The Short Version: Morpheus is dead. Long live Dream. Friends, foes, and other dreamers and myths and figures attend his funeral – and we are given an epilogue to an epilogue that, whether subtly or unintentionally, places our Mr. Gaiman up there with the greatest writer of our age.
The Review: I wept. Hardcore tears, not even afraid to admit it. I do not like the thought of death – although Death seems like a lovely and charming girl. There have been epic deaths in literature that have provoked similar reactions – I mentioned one a short while ago, that of Sirius Black. And how it took me a while for that particular death to settle in and then when it did, I was overwhelmed with powerful and conflicting emotions.
I lept straight from The Kindly Ones into The Wake, not even pausing to write a review or refill my cup of tea. Because I could not bear to leave the ending for any longer than I needed to. There’s a reason we bury our dead so shortly after they’ve died – and while “the smell” is an acceptable answer, it’s far too logical. It’s that once the moment has occurred, there is a need to sort it out quickly. Have done with it and begin to move on. Because otherwise, it would become too much. The thoughts, the emotions, all of it. It would all become too much and so we speed through it all (“VISA slips”…) and within the blink of an eye, even by the longest mourning process, the dead are truly gone. They are no longer the dead but they are the buried. Because we, as living and existing human beings, cannot compass the thought of an entity that once was living but has now departed and left this thing, this body behind – so we put it in the ground (or burn it or sink it or blast it into space) and it becomes something else entirely. It is no longer the dead, not exactly.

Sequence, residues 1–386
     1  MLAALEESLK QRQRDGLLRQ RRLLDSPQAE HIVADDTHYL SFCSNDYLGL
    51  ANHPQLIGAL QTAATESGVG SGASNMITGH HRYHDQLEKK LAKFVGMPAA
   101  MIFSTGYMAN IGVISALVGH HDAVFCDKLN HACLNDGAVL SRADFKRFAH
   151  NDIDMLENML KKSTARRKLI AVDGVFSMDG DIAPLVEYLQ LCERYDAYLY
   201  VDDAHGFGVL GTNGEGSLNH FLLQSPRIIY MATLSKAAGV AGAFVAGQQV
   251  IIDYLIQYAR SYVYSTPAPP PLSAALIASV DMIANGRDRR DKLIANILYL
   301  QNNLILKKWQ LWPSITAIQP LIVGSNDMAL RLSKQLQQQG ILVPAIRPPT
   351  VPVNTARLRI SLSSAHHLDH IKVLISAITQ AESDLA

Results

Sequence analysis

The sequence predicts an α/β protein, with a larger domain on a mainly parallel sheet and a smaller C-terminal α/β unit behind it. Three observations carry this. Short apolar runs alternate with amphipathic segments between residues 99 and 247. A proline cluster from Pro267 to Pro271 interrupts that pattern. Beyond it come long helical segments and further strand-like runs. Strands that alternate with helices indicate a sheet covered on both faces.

Anyway. Gaiman gives us a glimpse into the future of this universe he has created – this is not simply the funeral/wake for our Morpheus. We see Daniel, similar but different, stepping into the responsibilities of Dream. I now see the logic of having mentioned (but not shown) that this was not the first time that this had happened to one of The Endless. But as interesting as it is – and as powerful a moment as it is, for instance, when Matthew agrees to stay on with Daniel to help him – it is not why we are here. We are here to say goodbye and that last glimpse we have, before we wake up, of Dream walking into the hall to meet his family for the first time… it is a reassurance. It reassures us that while this adventure is done, not all hope is lost. It’s not unlike – if I may make another pop culture association – the end of Coldplay’s first album, Parachutes, which ends with a song called “Everything’s Not Lost”. And it is a song that feels like a “credits” song, one that comes on the heels of a particularly dark and mournful ending – reminding you that the adventure goes on, that everything’s not lost. So, too, does Neil Gaiman – because your dreams, while you may not remember most of them (and I know that, as the years go on, parts of this series will fade from my mind), will go on.
Rating: 5+ out of 5. Sadness fades and our lives continue on, even after the losses. I know that this was simply a book, simply a story – but it was, of course, far more than that. It touched something elemental, something communal. I do not propose to say that it’s all real or all not real. You may debate me theologically and I will argue all sides against the middle – because it isn’t important to know the truth. We have stories – and storytellers – like this one to serve us better than any truth you could consider proposing. The series, as a whole, gets a 5+ too. It is truly a monumental work, one whose final story (although other stories have gone on and the world has continued to grow) shares with us another great storyteller (William Shakespeare) finishing his final story – a play he wrote for Morpheus, in fact. I do not think it is too much to say propose that our children’s children’s children will look back on Mr. Gaiman’s work in a way quite similar to the way that we look back on Mr. Shakespeare’s. I do not think that too much at all.